Personal goodwill can have a profound impact on both small and medium-sized businesses. In fact, it can even impact the sales of larger companies. Ultimately, understanding how personal goodwill is cultivated is of great value for any company.
During the process of building a business, a founder builds one or more of the following: a positive personal reputation, a personal relationship with key players such as large customers and suppliers and the founder’s reputation associated with the creation of products, inventions, designs and more.
What Creates Personal Goodwill?
Personal goodwill can be established in many ways, for example, professionals such as doctors, dentists and lawyers can all build personal goodwill with their clients, especially over extended periods of time. One of the most interesting aspects of building personal goodwill is that it is essentially non-transferable, as it is invariably attached to and associated with, a particular key figure, such as the founder of a company. Simply stated, personal goodwill can be a powerful force, but it does have one substantial drawback. This is as the saying goes, “the goodwill goes home at night.”
How Does It Impact Buying or Selling a Business?
Buying a business where personal goodwill has been a cornerstone of a business’s success and growth presents some obvious risks. Likewise, it can be difficult to sell a business where personal goodwill plays a key role in the business, as a buyer must take this important factor into consideration. Certain businesses such as medical, accounting or legal practices, for example, depend heavily on existing clients. If those clients don’t like the new owner, they simply may go elsewhere.
Now, with all of this stated, it is, of course, possible to sell a business built partially or mostly around personal goodwill. Oftentimes, buyers will want some protection in the event that the business faces serious problems if the seller departs.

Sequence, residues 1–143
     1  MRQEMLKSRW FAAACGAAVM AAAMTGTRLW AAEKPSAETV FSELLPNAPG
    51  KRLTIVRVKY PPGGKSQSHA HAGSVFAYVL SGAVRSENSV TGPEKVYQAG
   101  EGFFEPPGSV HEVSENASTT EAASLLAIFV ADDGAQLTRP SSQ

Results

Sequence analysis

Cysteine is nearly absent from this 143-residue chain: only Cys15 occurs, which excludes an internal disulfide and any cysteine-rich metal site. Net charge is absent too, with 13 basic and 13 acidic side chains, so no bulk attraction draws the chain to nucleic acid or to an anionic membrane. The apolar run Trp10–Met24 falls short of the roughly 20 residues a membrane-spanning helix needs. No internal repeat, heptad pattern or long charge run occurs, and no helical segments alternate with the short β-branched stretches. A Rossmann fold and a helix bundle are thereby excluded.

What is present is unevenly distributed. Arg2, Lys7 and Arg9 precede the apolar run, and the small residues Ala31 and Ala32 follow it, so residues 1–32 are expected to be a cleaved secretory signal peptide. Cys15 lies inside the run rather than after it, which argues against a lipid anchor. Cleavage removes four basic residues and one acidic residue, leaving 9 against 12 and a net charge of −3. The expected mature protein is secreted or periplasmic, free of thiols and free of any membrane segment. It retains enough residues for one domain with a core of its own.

Solutions that Work for Both Parties
One approach is to require the seller to stay with the business and remain a key public face for a period of time. An effective transition period can be pivotal for businesses built around personal goodwill. A second approach is to have some form of “earn-out.” In this model, at the end of the year lost business is factored in, and a percentage is then subtracted from monies owed to the seller. Another option is that the funds from the down payment are placed in escrow and adjustments are made to those funds. It is important to note that the courts have decided that a business does not own the goodwill, the owner of the business does.
No doubt, businesses in which personal goodwill plays a major role, present their own unique challenge. Working with an experienced professional, such as a business broker, is an exceptional way to proceed in buying or selling this type of business.Read More
Personal Goodwill has always been a fascinating subject, impacting the sale of many small to medium-sized businesses – and possibly even larger companies. How is personal goodwill developed? An individual starts a business and, during the process, builds one or more of the following: